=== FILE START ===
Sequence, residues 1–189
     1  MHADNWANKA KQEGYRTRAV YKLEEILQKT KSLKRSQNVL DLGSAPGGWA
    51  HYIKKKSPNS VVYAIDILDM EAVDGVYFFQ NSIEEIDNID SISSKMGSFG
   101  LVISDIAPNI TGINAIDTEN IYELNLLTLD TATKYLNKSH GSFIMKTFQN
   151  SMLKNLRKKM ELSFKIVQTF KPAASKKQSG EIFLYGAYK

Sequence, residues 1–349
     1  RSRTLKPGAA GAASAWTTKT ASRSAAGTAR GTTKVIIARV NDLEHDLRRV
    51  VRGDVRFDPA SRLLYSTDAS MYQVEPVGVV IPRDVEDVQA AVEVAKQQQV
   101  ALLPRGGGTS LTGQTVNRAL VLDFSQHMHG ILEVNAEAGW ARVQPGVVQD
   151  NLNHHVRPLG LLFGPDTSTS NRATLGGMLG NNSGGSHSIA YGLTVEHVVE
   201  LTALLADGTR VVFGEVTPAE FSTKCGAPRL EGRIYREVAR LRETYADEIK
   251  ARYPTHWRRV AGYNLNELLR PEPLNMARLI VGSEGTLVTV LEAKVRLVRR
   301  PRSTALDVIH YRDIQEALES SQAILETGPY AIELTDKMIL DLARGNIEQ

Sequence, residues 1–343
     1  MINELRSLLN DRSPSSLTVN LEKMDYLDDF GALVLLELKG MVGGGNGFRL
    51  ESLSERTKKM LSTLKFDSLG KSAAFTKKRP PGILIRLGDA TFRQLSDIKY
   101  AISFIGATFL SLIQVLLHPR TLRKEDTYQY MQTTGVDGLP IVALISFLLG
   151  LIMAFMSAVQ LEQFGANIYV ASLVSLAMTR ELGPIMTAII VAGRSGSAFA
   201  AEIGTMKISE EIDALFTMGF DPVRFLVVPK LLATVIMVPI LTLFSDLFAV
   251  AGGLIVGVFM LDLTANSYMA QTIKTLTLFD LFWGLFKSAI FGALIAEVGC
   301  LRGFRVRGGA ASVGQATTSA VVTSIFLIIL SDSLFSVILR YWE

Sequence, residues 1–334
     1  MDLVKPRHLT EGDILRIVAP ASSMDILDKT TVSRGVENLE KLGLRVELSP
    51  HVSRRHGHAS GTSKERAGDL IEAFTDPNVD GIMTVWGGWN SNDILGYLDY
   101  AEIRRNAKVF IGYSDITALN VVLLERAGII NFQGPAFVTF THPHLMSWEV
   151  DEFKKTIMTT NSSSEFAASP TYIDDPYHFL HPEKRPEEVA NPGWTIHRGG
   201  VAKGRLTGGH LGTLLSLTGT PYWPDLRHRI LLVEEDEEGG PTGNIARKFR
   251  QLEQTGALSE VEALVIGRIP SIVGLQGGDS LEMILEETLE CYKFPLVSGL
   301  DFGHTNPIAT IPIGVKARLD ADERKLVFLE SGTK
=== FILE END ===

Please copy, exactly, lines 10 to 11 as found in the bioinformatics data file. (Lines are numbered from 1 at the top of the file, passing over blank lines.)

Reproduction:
   151  NLNHHVRPLG LLFGPDTSTS NRATLGGMLG NNSGGSHSIA YGLTVEHVVE
   201  LTALLADGTR VVFGEVTPAE FSTKCGAPRL EGRIYREVAR LRETYADEIK